how do I make my voice higher without becoming a chipmunk?



So I'm working on making power metal. My voice is relatively deeper than i'd like. Using the basic tools in Audacity tends to make my voice not even squeaky, but more like a chipmunk. I need to raise pitch while keeping power. I've tried adding harmonics/chorus effects, distorting it, etc. While i know you can't alter your fundamental voice, it usually is possible to make good approximations of the sound you want. If i sing in my naturally higher voice, I sound whiny like the guy from Guns N' Roses...which doesn't work with my music. I'm looking for more of a ZP Theart (Dragonforce, I am I) feel. can anyone suggest any effects or plugins for audacity that might help? Singing low and duplicating the track and raising the duplicate about 1/25 of a step sounds cool, but i'd like it higher without squeaking.


Posted 2014-11-05T00:58:10.750

Reputation: 31

2As much as I endorse free software, truth is Audacity won't get you very far for music production. Try Ardour or Reaper. — For another thing, I think you goal is vain, musically: work with the voice you have. Effects can do astounding things, but for something as serious as large pitch-shift it'll never sound really natural. If your voice sounds good in the lower register, then use it! If you want to go higher, then either practise until you can do that powerfully as well, or let someone else sing the part. – leftaroundabout – 2014-11-05T11:24:26.900

I've noticed that in effect, if you use a pitch shift to raise a pitch, it honestly sounds a heck of a lot like a crybaby wah pedal that someone left closed. Is there any way to open the sound back up after a pitch shift? – ReiHinoX – 2014-11-07T00:57:35.367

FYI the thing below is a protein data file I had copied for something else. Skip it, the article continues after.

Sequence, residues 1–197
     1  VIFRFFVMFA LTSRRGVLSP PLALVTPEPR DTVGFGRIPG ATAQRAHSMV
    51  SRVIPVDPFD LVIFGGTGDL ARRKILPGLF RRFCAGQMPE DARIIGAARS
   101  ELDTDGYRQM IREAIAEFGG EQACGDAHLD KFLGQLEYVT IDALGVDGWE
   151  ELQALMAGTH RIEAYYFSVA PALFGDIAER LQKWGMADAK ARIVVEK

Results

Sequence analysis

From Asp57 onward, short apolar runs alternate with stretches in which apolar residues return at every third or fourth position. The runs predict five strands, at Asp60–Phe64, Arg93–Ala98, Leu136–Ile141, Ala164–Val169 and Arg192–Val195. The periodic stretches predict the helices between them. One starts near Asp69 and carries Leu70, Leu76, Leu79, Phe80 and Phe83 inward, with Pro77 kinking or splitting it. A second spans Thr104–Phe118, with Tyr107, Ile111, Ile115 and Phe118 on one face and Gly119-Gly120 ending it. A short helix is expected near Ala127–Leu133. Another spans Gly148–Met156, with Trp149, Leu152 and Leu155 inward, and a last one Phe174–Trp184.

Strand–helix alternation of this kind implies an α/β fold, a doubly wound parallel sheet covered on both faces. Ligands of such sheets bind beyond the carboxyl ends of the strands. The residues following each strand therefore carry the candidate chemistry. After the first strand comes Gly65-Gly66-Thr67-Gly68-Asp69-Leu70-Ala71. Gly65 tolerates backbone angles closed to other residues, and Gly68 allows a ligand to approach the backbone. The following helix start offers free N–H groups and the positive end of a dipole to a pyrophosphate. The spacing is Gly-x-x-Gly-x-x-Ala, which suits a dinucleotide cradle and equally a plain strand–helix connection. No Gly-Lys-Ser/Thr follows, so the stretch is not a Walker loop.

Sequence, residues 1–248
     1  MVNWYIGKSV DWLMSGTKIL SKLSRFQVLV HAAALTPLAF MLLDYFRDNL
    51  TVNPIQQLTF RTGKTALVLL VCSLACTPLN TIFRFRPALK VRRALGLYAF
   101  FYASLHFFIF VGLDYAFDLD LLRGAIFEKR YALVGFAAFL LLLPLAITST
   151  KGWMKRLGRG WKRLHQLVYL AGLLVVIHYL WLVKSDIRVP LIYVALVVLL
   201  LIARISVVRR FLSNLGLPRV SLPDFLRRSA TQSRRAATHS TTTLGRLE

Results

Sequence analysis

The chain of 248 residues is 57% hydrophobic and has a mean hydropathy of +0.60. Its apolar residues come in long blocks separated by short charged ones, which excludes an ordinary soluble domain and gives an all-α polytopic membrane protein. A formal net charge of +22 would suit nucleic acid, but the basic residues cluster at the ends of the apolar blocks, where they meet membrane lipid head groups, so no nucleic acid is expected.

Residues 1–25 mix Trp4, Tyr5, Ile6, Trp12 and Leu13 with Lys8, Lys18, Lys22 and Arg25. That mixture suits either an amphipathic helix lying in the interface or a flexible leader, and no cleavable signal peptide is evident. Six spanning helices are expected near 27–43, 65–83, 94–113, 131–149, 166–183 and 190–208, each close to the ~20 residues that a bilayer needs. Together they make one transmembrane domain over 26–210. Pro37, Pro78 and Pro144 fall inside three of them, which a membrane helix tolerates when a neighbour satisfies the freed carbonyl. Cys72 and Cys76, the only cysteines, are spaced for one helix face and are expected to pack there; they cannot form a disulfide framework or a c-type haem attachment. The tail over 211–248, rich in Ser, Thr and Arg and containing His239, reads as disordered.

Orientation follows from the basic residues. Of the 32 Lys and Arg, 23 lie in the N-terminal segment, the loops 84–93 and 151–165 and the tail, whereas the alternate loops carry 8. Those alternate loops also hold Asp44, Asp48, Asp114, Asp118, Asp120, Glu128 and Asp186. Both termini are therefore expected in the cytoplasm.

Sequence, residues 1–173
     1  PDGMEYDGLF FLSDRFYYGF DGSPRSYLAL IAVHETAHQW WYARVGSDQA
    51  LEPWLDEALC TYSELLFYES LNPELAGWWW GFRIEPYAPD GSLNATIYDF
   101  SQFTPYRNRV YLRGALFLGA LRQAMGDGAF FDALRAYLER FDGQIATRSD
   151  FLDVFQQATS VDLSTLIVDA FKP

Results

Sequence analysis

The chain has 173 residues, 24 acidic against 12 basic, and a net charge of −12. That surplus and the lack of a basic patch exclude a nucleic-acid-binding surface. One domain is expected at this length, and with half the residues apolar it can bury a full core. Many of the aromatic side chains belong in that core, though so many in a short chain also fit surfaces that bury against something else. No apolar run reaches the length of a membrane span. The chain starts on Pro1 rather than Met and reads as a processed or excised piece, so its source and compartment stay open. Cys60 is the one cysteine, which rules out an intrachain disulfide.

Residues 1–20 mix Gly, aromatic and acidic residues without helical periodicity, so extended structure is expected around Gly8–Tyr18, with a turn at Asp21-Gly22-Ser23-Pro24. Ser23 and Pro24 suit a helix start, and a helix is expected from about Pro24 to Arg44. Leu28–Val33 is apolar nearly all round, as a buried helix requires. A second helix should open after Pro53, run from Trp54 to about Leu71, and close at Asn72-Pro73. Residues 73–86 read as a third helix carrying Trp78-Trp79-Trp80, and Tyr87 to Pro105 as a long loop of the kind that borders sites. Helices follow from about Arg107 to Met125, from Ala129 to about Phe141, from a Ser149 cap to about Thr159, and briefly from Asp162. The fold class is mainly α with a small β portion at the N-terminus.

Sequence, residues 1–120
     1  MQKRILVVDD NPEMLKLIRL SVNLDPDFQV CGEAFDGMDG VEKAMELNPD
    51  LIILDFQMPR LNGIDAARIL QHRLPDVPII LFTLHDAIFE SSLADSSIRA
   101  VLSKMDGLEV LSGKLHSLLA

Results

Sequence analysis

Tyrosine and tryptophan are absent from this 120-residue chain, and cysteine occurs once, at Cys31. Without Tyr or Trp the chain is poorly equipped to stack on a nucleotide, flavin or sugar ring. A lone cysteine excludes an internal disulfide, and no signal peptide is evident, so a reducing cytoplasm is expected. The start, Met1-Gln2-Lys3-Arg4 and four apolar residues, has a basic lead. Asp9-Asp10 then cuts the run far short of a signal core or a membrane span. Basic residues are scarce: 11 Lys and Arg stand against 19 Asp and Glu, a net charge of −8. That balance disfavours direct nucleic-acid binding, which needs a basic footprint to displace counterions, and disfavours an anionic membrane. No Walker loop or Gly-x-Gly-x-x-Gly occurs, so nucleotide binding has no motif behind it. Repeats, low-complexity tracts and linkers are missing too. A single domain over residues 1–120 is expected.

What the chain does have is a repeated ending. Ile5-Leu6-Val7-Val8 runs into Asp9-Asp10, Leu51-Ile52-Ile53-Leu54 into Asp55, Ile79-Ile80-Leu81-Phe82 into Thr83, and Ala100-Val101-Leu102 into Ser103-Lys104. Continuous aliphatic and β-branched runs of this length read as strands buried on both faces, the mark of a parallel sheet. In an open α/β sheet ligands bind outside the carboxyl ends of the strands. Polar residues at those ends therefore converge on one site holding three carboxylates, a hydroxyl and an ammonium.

If it sounds like that, it's probably an artifact of the formant correction. You can switch that off, but then you're back to chipmunk... again, as I said: such problems can't really be avoided with pitch shift. – leftaroundabout – 2014-11-07T01:05:39.393

See, I don't own a seven-string and in order to utilize my guitar to the maximum extent, I write everything in E minor/ G major since it's a 22-fret (Minor root low for heaviness, Major fifth highest for awesome solos). And it's not exactly that great a guitar. Downtuning just doesn't work with it very well. – ReiHinoX – 2016-01-30T17:54:49.613


Huh? All songs in the same key – a bit boring, isn't it! And, it's not like you couldn't get a fat sound in other keys, even with a standard 6-string guitar. Clever composition and sound choice (distortion adds intermodulation subharmonics) can make up a lot for actual low-end. Check out this video for an extreme example. — Even apart from that: why would the choice of key restrict the vocal register? You can always go a complete octave lower, or you can compose the vocal lines somewhere in between that works well for both voice and guitar.

– leftaroundabout – 2016-01-31T11:15:30.297



Two thoughts...

1) The song is currently in the wrong key for the sound you are aiming for, vocally. The only fix for that would really be to re-record it in a more suitable key.

2) There are plugins available that can adjust the formant** of a sound without changing the pitch. Probably the best tool available for that is Melodyne [imho] which can adjust pitch, timing & formant each independently of the other aspects.

** for vocals, the formant could best be described as your voice's natural timbre or acoustic resonance - Wikipedia has a good page on it. The 'chipmunk' sound is a direct result of the formant rising along with the pitch, which is how 'standard' pitch-shifting is usually done.


Posted 2014-11-05T00:58:10.750

Reputation: 5 764

Dragonforce recorded a lot in E minor. Which is what the song is in, and if i use a synth in place of my voice, it sounds really great like that...and i can definitely picture it with ZP singing it...problem is that there aren't many male singers who can reach those pitches anyway...I'm not pro, so I can't really ask someone experienced...I just want to do this as a fun thing and maybe put it online. As it stands, it takes a vocal range of three complete octaves or something like that. – ReiHinoX – 2014-11-07T00:51:10.997